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Portumna camp keenly aware of Ballyhale threat



Date Published: {J}


THE reigning All-Ireland club champions may have some of the best forwards in the country, but Portumna duo Peter Smith and Ollie Canning acknowledge that their St. Patrick’s Day opponents, Ballyhale Shamrocks, possess an equalling devastating force.

But if you are looking for a hint of fear in either Smith’s or Canning’s eyes, you won’t find it. A miniscule of anger maybe- every great team needs a little rage – but certainly not fear. That was borne out when the two sides met in last year’s All-Ireland semi-final and the Galway champions dissected a favoured Ballyhale side with surgical precision.

“I have been hearing that Ballyhale really fancy themselves,” says Army Officer Smith, “but that doesn’t bother us. We keep our own counsel.

“Ballyhale, no doubt, are a fantastic side; all you have to do is just look at the team on paper. They have county players and All-Stars throughout the team and we are just glad to be in with a chance to contest the final against them. We know we will have to play at our best if we are going to beat them.”

Certainly, the left half-back is a player who seems to be relishing these heady days in the primrose and gold of Portumna. “Sure, a lot of people say it is hard to stay training all year round, but that is what we want to be doing,” smiles the 26-year-old. “It is not really a sacrifice when you get to this stage [of the competition] and you know what you are playing for. To get to a third All-Ireland in a row is a great feat.”

Still, maintaining that insatiable appetite and to continually and consistently deliver top-notch performances in the knockout stages of both the county and All-Ireland series has to sap players, both physically and mentally.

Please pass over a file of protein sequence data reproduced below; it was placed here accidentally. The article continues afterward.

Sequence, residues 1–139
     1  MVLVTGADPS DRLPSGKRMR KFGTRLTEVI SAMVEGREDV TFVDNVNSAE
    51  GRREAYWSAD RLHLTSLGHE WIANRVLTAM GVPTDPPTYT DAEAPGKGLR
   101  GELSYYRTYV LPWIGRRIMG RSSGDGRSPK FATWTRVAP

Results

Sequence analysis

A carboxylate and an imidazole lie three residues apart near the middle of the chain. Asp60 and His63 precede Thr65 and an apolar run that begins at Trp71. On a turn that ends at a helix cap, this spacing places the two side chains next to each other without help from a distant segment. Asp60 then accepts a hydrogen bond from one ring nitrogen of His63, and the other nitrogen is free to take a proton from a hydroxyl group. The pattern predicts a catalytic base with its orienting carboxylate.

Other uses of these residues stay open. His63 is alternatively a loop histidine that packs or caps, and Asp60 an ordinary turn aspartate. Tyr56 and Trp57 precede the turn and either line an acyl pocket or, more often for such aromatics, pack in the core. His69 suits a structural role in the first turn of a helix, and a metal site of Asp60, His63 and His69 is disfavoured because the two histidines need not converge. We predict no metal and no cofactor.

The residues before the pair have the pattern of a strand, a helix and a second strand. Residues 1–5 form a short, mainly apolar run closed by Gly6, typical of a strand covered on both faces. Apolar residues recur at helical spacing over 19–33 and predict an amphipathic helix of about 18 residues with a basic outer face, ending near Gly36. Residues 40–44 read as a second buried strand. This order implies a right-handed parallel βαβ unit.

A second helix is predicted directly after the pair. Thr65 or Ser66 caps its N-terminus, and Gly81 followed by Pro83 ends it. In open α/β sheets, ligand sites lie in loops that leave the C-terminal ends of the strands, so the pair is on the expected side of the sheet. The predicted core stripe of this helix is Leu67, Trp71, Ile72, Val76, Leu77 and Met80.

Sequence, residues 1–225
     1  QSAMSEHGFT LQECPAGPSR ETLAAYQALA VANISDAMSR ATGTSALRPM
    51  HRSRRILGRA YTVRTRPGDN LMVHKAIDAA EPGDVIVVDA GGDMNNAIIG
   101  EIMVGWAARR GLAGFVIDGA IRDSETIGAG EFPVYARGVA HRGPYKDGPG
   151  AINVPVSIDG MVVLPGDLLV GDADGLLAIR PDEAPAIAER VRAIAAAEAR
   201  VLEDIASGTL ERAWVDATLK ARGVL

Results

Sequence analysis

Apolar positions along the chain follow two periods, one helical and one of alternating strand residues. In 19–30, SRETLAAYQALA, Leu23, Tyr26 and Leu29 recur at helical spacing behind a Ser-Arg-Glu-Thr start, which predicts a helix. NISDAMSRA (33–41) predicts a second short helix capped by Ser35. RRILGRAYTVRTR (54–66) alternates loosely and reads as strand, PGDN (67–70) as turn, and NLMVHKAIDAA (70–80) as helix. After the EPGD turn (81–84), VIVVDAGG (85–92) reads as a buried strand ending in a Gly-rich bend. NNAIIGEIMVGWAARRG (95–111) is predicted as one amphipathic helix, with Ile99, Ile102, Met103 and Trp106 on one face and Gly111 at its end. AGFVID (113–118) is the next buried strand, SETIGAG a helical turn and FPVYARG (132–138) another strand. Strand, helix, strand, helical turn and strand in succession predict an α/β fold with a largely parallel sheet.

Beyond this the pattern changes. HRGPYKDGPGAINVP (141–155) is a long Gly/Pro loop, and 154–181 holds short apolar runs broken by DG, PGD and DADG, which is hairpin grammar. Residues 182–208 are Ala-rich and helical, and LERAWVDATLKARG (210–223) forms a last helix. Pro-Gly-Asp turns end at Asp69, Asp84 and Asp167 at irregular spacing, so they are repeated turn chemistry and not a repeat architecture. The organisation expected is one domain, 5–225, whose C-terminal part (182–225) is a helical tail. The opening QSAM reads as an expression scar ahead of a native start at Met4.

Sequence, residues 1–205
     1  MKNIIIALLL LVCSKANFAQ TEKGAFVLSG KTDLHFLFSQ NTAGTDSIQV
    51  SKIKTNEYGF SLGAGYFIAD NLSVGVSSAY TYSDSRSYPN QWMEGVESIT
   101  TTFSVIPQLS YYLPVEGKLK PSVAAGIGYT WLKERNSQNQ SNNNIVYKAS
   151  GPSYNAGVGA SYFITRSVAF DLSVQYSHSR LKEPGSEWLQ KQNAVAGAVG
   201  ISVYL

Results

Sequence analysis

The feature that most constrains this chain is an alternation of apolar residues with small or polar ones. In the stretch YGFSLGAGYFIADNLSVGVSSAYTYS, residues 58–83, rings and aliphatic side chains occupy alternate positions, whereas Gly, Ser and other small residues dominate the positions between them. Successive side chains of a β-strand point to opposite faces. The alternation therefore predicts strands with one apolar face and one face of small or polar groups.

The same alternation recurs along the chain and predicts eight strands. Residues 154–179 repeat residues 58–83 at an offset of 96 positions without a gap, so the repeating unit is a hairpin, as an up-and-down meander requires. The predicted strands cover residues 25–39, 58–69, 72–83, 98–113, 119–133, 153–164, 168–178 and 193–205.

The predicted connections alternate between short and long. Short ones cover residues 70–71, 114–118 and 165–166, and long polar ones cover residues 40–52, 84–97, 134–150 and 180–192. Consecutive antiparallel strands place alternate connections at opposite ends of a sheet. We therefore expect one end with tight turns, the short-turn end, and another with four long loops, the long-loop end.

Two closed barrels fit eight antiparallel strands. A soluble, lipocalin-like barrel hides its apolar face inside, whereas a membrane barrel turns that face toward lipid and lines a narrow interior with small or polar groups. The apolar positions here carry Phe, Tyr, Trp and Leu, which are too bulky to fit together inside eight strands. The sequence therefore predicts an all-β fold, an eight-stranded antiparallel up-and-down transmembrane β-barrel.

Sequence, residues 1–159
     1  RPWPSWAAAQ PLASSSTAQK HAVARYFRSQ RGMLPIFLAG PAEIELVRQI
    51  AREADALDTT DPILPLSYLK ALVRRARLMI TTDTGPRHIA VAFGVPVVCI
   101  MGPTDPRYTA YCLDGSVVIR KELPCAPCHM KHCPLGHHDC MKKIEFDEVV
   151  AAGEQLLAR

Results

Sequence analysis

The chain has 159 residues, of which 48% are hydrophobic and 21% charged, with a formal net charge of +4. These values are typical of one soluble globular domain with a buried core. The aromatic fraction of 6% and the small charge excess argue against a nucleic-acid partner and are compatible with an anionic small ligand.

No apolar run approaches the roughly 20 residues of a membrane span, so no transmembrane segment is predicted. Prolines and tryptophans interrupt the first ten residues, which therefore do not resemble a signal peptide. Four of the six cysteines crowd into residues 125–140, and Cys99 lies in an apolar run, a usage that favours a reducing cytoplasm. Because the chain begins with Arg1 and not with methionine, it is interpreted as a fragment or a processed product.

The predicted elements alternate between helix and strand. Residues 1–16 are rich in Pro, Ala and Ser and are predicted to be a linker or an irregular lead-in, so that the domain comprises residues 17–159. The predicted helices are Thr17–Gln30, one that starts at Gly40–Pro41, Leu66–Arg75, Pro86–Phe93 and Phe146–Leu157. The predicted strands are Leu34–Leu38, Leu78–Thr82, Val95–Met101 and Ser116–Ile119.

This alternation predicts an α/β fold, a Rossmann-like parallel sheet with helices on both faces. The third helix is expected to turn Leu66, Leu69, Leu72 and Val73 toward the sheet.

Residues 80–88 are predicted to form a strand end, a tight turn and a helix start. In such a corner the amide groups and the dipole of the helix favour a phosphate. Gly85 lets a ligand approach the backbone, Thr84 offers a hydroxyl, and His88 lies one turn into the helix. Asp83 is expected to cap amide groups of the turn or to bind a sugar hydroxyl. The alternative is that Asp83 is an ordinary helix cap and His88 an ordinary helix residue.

Once again, Smith rebukes this misconception. “My own opinion is that this [burning ambition] comes from the fact that we are such a close club. We really are a very close bunch of lads. We grew up together while the core of this present team comes from two minor sides back in the late 90s. Then, you have mixed in the likes of (Eugene) McEntee and Ollie (Canning), the senior heads there, and a couple of the younger lads like Martin Dolphin and Joe Canning coming through. Every year when we get together, we just want to keep the roll we are on going for as long as we can.”

Indeed, unbeaten in championship action since 2006, the Tommy Moore holders must now lay their distinguished record on the line against a side that only has revenge on the mind. For Portumna, it poses a conundrum. Do they embrace the same game plan which inflicted a 5-11 to 1-16 defeat on their Kilkenny rivals in Spring of 2009? Or do they adopt a different approach?

Smith has his own theory. “Ah look it,” he says. “I am a fairly simple fellow. I look at it if you beat your man, and the 14 other players do the same in their position on the field, well … that’s my game plan. We will leave the mind games up to everyone else. I think if we just work hard and play our intensity game, like we know we can, and we put them under pressure where we know


For more, read this week’s Connacht Tribune.


Galway in Days Gone By

The way we were – Protecting archives of our past



A photo of Galway city centre from the county council's archives

People’s living conditions less than 100 years ago were frightening. We have come a long way. We talk about water charges today, but back then the local District Councils were erecting pumps for local communities and the lovely town of Mountbellew, according to Council minutes, had open sewers,” says Galway County Council archivist Patria McWalter.

Patria believes we “need to take pride in our history, and we should take the same pride in our historical records as we do in our built heritage”. When you see the wealth of material in her care, this belief makes sense.

She is in charge of caring for the rich collection of administrative records owned by Galway County Council and says “these records are as much part of our history as the Rock of Cashel is. They document our lives and our ancestors’ lives. And nobody can plan for the future unless you learn from the past, what worked and what didn’t”.

Archivists and librarians are often unfairly regarded as being dry, academic types, but that’s certainly not true of Patria. Her enthusiasm is infectious as she turns the pages of several minute books from Galway’s Rural District Councils, all of them at least 100 years old.